It is easy to think of LGBT culture in New York as beginning with the Stonewall Riots of 1969. It is particularly easy for me, since I was also born that summer. Less, however, is known about what life was like for folks prior to that, which may well be because much of it took place in secret for the participants’ own safety: in unmarked clubs, with coded language that allowed communication under the noses of a population which would betray them to family, employers or the police. Being gay, or even something as innocent as a woman wearing pants in public, could cost you your job, home, and friendships, or get you arrested, raped, or beat up.
|Juliana cover. |
Used with author's permission.
The first novel by playwright Vanda, Juliana gives us a look at this particular time and place by introducing her own characters to famous names of the day, many of whom risked their own careers, reputations, and marriages to indulge in “the love that dare not say its name” as the nation finds itself reluctantly drawn once again into war.
We see New York through the lens of a wide-eyed suburban Long Island girl “Al”, who moves to the city with her three childhood friends (Aggie, Danny, and Dickie). Each has dreams of making it big in the arts world, which they quickly discover is populated by folks quite unlike the ones they knew in Huntington. When big-talking producer Max Harlington III comes to their table, Aggie & Danny are entranced, while Al and Dickie remain skeptical. He takes them to clubs where cross-dressers, “bull daggers” and interracial couples all find sanctuary.
Taken in by the big promises of Max, the friends each set about fulfilling their dreams only to discover that, to quote Debbie Allen: ”Fame costs… and right here’s where you start payin’... in sweat.” Running between auditions, lessons, soul-killing day jobs, and infested apartments, they struggle to keep their friendships alive. It has always been assumed that the couples (Al and Danny, Aggie and Dickie) would marry someday, but as the book progresses, that dream becomes as elusive as the thought of your name up in lights.
For Al, the biggest distraction is Juliana, a talented vocal performer who seems perpetually on the brink of success. Juliana awakens feelings in Al she was unaware she possessed, then shocks her further by making it clear the interest is mutual. Although Al continues to harbor some disdain for Max, he proves useful in making this connection. When things with Juliana go awry, however, Al flees back to Max’s place only to make a further unwelcome discovery that throws all her plans for the future into disarray.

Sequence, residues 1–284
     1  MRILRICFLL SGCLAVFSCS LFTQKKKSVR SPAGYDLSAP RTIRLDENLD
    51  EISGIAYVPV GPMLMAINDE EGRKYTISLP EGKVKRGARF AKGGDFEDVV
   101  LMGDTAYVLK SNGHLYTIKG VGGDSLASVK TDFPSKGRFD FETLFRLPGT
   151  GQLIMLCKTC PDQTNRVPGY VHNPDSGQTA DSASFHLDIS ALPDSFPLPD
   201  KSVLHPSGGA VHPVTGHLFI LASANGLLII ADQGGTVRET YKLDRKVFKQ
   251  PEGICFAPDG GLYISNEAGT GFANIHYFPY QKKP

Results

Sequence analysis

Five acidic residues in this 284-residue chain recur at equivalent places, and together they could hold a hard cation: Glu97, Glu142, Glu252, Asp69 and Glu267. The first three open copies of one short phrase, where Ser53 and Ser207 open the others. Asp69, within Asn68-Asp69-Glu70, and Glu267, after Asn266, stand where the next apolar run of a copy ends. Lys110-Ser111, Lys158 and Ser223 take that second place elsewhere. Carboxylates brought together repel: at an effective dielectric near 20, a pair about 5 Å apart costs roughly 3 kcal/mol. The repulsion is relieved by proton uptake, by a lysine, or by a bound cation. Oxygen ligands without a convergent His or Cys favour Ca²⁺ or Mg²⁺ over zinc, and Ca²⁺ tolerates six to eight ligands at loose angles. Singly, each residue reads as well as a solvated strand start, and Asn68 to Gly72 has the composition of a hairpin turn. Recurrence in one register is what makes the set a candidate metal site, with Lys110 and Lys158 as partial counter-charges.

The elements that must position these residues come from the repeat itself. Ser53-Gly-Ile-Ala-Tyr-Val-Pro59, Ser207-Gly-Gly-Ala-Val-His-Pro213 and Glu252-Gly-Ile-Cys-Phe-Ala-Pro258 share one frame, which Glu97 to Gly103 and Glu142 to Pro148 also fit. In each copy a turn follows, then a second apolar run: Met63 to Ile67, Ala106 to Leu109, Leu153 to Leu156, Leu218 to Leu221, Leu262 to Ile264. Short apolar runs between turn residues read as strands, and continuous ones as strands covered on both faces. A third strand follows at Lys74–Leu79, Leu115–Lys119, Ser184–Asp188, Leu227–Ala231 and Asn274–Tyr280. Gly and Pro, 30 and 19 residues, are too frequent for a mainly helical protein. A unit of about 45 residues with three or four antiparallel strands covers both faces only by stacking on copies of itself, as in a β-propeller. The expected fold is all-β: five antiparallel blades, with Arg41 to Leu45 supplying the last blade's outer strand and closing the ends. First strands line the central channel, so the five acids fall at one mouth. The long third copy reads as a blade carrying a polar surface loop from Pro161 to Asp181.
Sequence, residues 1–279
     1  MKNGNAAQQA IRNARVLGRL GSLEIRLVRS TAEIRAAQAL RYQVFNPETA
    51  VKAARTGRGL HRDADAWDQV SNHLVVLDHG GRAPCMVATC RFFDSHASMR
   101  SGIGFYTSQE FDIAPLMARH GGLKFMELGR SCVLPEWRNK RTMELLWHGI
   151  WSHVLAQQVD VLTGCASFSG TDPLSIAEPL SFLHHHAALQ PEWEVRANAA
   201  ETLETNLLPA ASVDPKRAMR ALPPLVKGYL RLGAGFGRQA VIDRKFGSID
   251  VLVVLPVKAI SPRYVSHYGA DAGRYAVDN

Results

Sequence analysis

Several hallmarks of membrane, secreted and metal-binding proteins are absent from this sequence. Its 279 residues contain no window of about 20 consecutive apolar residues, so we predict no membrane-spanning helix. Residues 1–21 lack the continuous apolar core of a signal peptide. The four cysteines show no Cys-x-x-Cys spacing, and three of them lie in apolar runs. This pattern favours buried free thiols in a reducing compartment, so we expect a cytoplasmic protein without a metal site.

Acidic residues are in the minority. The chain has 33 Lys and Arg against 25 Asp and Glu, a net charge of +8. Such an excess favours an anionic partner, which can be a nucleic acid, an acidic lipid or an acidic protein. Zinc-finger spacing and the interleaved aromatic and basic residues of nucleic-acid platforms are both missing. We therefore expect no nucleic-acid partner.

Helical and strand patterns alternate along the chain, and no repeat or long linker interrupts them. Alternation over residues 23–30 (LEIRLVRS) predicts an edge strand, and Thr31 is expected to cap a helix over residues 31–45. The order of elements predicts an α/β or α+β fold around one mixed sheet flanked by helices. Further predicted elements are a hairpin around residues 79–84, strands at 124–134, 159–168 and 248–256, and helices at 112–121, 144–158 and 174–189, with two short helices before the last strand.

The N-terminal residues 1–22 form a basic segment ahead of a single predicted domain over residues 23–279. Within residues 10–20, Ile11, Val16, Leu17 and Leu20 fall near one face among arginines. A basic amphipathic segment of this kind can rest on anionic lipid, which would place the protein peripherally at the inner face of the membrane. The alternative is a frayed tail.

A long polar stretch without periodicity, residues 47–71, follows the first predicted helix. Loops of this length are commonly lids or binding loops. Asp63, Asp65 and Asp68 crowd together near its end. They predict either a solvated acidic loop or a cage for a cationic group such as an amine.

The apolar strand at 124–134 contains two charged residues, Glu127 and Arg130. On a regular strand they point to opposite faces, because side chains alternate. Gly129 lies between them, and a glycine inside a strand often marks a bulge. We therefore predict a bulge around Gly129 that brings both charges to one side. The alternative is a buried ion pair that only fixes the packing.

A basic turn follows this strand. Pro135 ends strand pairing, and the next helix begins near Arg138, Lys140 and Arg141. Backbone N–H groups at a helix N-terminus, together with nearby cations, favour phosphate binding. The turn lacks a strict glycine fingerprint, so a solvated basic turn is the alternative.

Used with author's permission.
The declaration of war in 1941 sends the characters’ lives in different directions. Max, Dickie, and Danny all end up overseas and Al contributes much of her time and energy to the Stage Door Canteen, a real-life place on 44th Street where military men were fed and entertained by Broadway personalities. Here she mingles with greats like Katharine Hepburn, Ethel Merman, Alfred Lunt and Lynn Fontanne, who performed or helped staff the club. Many of these stars had cameos in a film named for the club, which stood on the site of the former New York Times printing press.
Dickie, Max and Danny all make it home alive, but not unscarred. They describe the conditions gay men and women encountered during deployment… perhaps the roots of “don’t ask, don’t tell” where camp behavior was tolerated and even encouraged in some quarters, but one misplaced word of affection could erase years of dedicated service with the stroke of a pen. Small wonder that a study 60 years later found almost 15% of closeted LGBT veterans attempt suicide: imagine the nightmarish memories of combat layered with the constant fear of being found out.
Meanwhile, Al--at a breaking point--confides in best friend Aggie, whom she has helped through some serious setbacks, only to discover that their bond is not stronger than the prejudices with which they were all raised. Betrayed, Al turns again to the unconventional people from whom she continues to try to distinguish herself. I found it interesting and even a little vexing that these individuals, apparently further along the road of self-acceptance, continue to tolerate this behavior almost without reproach. It is not always clear what she brings to the table of these friendships besides judginess and a need for a whole lot of hand-holding. But I suspect then, as now, there are those who see their younger selves in the newcomer and thus deal with such foibles gracefully.
Nevertheless they take her under their wing and we see such real-life scenes of early gay New York as Spivey’s Roof, a nightclub on the Upper East Side where gay men and women were allowed to congregate as long as they (mostly) behaved. A young Walter Liberace played here briefly before unwittingly crossing Madame Spivy, the club’s imperious owner, namesake, and star performer, a scene described in the book.
The first volume leaves off with relationships on hold and a lot of unanswered questions. Luckily, a sequel which picks up at around D-Day is due out this summer. Meantime, an ensemble cast periodically performs scenes from the book at the legendary Duplex nightclub on Christopher Street, just steps from the Stonewall Tavern. You can learn about upcoming events on the Juliana Project Facebook page or by visiting vandawriter.com and subscribing to her free newsletter.
As we remember the sacrifices of those lost in our country’s wars, my mind goes particularly today to those who served and died for their country, likely leaving behind secret friends and partners who were not honored or comforted, and perhaps never even learned their fate.